TWO more children have been attacked by a dog in Philippi, prompting renewed calls for the city’s hundreds of thousands of strays to be destroyed.
The two four-year-olds were attacked minutes apart by a dog in Sweet Home Farm informal settlement, while residents were attending a community meeting on the dog problem. One of the children had to be taken to the Hanover Park Day Hospital trauma unit.
The attacks came barely two weeks after three-year-old Philasande Mbokolo was dragged from his home and killed by dogs.
Angry residents responded by killing several dogs.
On Sunday night, residents were at a community meeting to discuss the stray dog menace when the two children, Ivile Ntlanwini and Sivikele Rhorhwana, walked off alone together.
Ivile’s mother, Phumza, was called by neighbours to tend to her son who had been bitten in the face.
“I came and saw blood on his face and asked a man in the road to take us to the doctor,” she said. A community member had seen the dog attack the two children.
“Ivile told me he was playing with his friend in front of our house where the dog’s puppies were, but he said he didn’t see the big dog coming,” she said.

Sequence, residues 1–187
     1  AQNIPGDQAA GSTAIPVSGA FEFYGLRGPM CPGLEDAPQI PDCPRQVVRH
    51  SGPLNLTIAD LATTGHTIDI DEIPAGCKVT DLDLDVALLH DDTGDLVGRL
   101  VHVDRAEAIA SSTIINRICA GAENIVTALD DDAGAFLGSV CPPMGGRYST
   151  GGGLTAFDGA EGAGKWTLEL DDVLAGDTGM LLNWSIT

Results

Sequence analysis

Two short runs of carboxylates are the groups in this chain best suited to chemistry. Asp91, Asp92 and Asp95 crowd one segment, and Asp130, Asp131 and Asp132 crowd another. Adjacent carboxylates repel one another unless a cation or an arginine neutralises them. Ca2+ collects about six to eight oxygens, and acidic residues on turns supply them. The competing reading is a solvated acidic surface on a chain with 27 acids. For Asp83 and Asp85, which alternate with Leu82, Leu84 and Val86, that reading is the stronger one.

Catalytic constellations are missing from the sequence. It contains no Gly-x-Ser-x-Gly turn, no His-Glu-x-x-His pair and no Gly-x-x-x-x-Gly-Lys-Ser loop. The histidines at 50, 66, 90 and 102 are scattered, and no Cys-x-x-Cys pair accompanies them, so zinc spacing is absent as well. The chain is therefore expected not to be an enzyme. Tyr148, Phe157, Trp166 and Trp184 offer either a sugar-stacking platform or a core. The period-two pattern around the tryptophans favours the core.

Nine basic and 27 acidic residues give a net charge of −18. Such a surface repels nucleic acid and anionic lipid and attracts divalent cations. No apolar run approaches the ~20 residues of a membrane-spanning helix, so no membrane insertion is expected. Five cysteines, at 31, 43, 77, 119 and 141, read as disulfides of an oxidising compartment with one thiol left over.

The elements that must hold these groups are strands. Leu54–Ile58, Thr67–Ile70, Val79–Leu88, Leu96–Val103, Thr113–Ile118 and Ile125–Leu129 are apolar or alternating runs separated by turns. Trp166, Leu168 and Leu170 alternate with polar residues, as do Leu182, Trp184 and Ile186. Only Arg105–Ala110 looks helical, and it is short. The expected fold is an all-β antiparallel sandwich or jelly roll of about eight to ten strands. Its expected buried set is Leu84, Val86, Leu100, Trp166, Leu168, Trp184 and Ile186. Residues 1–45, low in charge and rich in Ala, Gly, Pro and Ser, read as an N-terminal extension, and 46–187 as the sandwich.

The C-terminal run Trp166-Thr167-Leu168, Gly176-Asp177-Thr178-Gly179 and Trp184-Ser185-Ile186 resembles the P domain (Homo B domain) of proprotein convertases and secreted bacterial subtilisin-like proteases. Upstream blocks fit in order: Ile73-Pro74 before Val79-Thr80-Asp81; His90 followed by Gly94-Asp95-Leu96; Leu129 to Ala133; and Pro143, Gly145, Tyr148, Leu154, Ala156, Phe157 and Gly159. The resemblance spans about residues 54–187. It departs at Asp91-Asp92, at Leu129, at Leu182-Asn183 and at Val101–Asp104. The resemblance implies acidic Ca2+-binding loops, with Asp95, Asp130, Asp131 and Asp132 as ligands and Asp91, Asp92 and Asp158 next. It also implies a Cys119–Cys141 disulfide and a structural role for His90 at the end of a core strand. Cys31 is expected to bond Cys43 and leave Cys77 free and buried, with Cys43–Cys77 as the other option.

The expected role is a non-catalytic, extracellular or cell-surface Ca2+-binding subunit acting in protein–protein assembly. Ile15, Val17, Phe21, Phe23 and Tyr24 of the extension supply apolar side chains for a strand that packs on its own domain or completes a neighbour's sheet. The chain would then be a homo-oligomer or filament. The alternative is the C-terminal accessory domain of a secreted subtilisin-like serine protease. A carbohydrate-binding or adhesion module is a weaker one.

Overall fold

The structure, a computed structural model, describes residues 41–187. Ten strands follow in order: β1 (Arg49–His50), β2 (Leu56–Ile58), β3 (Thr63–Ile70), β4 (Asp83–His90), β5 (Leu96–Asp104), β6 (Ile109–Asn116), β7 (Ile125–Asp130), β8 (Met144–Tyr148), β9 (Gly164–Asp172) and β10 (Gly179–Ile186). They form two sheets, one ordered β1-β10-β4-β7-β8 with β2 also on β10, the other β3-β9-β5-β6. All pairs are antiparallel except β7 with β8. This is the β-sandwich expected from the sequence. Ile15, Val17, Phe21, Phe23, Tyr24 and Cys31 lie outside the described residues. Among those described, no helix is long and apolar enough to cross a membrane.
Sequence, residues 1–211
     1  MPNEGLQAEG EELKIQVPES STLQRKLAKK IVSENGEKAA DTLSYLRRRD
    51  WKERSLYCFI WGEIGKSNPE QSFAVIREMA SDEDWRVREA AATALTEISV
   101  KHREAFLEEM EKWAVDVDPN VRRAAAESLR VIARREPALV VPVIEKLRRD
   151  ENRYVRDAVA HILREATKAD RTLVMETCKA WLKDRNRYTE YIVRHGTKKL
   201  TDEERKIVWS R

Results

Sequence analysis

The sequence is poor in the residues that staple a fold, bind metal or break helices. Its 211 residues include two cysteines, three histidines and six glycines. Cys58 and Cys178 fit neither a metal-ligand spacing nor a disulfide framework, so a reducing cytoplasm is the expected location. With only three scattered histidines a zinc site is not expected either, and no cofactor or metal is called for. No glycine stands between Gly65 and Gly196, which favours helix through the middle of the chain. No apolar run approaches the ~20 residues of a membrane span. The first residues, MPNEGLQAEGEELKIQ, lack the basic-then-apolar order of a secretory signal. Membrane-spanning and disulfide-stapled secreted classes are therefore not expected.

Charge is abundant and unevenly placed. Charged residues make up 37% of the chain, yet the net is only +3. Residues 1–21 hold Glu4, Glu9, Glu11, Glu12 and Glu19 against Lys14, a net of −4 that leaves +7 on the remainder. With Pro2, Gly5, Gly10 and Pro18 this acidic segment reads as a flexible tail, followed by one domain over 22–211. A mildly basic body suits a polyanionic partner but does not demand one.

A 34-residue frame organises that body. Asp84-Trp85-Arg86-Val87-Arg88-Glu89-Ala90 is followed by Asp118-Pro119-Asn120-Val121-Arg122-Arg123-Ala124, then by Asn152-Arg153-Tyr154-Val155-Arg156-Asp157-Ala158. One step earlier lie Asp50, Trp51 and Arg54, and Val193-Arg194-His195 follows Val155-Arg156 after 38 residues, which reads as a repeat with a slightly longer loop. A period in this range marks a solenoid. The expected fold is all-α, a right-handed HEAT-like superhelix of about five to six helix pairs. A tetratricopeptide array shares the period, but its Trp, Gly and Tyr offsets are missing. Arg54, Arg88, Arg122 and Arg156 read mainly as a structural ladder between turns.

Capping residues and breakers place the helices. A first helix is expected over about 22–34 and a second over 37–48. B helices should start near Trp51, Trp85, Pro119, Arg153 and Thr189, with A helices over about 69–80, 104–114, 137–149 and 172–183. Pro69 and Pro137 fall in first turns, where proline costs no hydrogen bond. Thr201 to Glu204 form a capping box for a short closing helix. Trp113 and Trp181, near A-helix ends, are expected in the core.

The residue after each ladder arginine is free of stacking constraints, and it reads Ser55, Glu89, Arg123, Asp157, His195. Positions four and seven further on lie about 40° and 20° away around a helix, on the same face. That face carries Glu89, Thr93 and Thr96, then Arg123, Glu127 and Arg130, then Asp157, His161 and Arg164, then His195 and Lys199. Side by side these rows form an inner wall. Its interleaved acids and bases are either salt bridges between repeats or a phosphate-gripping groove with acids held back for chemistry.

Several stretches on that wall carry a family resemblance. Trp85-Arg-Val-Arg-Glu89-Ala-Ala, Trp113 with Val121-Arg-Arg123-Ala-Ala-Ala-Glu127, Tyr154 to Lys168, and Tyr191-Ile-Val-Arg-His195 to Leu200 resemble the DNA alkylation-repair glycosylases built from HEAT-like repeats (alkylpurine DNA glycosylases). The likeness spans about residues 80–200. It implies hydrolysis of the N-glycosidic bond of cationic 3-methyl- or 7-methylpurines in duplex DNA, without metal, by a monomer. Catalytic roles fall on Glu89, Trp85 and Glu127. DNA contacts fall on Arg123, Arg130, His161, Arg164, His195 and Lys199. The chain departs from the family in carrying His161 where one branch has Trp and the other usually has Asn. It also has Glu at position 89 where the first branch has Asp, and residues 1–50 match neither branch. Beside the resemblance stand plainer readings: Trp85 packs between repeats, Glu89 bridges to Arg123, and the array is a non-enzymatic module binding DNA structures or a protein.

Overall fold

Ivile, who is at home recovering, was treated at the trauma unit. Sivikele Rhorhwana, the four-year-old girl who was also attacked, had minor scratches on her nose.
Yesterday when the Cape Times visited the community, young children and adults were gathered in the streets of Section A, chanting “Hamba izinja” (the dogs must go) and waving posters which read: “We will kill these dogs if they hurt our children.”
Mayoral committee member for safety and security JP Smith has said there were “at least” 230 000 stray dogs in the city, and it would cost the city about R27 million to have them put down and the carcasses destroyed.
Philippi community leader Forest Ndathane said he had called the general meeting on Sunday to urge residents to hand their dogs to the SPCA.
“And if they didn’t want to, they could register them with the SPCA,” he said.
The SPCA has been removing stray dogs, following reports that residents had started killing them by taking them to the railway line. About
13 dogs were collected yesterday, including the one believed to have attacked the children.
“We went around the community and asked people if they wanted to hand over their dogs to us. We are also going around collecting stray dogs off the road,” said Moyo Ndukwana, SPCA inspector.
He said the dogs which were captured yesterday would be put down at the request of the owners, and the others would be sterilised.
The SPCA would go back tomorrow with their mobile clinic so community members could have their dogs sterilised, treated and registered in the owner’s name.
One resident, Sakhiwo Mnyama, said he refused to give his dog away.
Mnyama lives a few houses behind Ntlangwini.
“I want to register my dogs so that I can keep them with me because they are like my family now, and they protect us,” Mnyama said.
Mnyama said he planned to put secure fencing around his property to keep the dogs in.